The dish works best in an extremely hot and large open pan.  I use a monster cast iron skillet, preheated for 10 minutes so that it retains enough heat to keep the ingredients sizzling throughout the cooking process.  Try to have all your vegetables dry to that water doesn't cool down the pan.  In any case, you want a big and very hot pan, something with a long handle to stir the ingredients around with, and tongs to toss the noodles with the other ingredients.  You also will need all your ingredients lined up and ready to go before you begin.  Mise en place for you pros and former pros out there.

Heat your pan over very high heat, preheating it for up to 10 minutes.  If it starts to smoke, it's a sign you're ready to start cooking (seriously), but turn on the vent fan so the fire department doesn't show up.  Add the seasoning ingredients mixed with a generous amount of cooking oil to the pan.  Stir for only about 15 seconds and immediately add the majority of your other vegetables.  Cook these, stirring constantly for a minute or two, until you see them wilt a bit.  Then add any other vegetables that require very little cooking time.  After another minute of cooking, push all the vegetables to the center of the pan.  Add the drained rice noodles around the edges of the pan, leaving the vegetables in the middle.  Pour the spicy peanut sauce over the noodles.  Wait a moment and then begin to incorporate the vegetables, noodles, and sauce.  Work around the edge of the pan, grasping some vegetables and some noodles with your tongs, turning them over to mix them together.  All ingredients should be thinly coated by the spicy peanut sauce.  Add more if it seems to need it. When the noodles are thoroughly heated through, the dish is ready.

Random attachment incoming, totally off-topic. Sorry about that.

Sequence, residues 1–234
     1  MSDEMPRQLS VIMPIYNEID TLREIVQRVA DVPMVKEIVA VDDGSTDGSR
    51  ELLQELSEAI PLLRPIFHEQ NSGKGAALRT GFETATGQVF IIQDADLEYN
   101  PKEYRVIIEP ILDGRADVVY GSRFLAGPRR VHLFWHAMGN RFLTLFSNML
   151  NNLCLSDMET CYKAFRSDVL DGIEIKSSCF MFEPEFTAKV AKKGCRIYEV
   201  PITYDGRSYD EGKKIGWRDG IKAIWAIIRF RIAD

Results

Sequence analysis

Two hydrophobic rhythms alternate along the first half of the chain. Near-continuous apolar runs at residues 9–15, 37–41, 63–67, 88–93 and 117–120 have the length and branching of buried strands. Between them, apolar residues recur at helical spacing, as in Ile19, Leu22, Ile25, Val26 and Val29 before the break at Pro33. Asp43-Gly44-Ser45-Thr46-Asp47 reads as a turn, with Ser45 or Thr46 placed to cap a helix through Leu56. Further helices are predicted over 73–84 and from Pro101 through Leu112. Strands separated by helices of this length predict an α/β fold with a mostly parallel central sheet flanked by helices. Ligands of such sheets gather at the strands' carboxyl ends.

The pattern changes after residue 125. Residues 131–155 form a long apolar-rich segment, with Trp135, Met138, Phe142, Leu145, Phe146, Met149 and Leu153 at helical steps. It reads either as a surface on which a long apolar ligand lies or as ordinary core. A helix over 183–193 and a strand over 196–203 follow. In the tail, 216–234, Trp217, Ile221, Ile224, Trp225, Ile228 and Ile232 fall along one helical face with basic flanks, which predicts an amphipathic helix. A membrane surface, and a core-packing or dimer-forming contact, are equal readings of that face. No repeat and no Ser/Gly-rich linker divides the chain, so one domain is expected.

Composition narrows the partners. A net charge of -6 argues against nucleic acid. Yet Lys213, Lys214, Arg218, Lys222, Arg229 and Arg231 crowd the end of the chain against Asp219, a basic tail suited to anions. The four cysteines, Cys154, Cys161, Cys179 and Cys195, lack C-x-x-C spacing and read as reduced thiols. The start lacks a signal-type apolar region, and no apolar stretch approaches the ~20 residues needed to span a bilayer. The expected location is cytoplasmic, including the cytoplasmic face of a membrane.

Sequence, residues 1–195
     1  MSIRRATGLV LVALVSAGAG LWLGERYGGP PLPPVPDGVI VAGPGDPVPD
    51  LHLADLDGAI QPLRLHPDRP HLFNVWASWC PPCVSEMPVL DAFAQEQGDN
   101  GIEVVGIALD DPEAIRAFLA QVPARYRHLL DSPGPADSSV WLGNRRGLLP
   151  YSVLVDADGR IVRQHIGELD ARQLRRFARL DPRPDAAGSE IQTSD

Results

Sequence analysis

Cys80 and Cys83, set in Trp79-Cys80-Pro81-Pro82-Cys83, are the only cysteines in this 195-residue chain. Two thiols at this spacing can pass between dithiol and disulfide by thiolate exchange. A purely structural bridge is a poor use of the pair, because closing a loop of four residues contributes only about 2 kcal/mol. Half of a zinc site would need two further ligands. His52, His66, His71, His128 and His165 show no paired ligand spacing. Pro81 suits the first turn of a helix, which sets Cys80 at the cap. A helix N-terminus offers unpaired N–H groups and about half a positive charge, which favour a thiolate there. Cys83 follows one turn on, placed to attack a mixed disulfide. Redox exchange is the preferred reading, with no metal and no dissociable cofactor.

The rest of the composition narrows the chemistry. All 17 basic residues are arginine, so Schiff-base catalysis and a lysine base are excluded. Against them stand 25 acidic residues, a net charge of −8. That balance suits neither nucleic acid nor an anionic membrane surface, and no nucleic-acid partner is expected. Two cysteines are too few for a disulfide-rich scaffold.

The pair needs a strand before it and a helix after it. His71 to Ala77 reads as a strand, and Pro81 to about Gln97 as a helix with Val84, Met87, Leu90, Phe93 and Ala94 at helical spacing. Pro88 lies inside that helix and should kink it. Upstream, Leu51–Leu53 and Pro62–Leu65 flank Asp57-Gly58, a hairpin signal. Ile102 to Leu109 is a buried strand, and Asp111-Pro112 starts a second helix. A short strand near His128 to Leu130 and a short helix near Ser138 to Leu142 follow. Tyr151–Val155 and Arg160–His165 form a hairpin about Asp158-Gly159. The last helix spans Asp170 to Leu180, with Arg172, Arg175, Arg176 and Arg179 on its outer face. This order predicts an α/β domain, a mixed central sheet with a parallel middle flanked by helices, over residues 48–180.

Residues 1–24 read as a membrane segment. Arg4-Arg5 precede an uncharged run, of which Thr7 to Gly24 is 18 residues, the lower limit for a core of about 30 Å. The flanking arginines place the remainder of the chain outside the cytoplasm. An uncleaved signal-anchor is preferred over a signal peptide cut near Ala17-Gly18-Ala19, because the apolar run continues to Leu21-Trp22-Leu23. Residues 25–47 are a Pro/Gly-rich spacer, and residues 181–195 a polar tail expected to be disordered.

If you can't get rice noodles, you can use half a pound (1/4 kg) of spaghetti, but it'll need to be thoroughly cooked beforehand.

Good garden crops to use for Spicy Peanut Noodles: Swiss chard or other cooking greens, sweet corn cut off the cob, eggplant/aubergine (finely cut), any member of the cabbage family, carrots, cilantro or basil, cherry tomatoes, snow peas, green beans, etc.

Both of these vegetarian dishes have become emblematic of late spring through summer in our house.  We make them frequently in during this time and find them extremely satisfying. I hope you'll enjoy them if you try them.  And if you have any garden trickle strategies or go-to dishes, please mention them in the comments.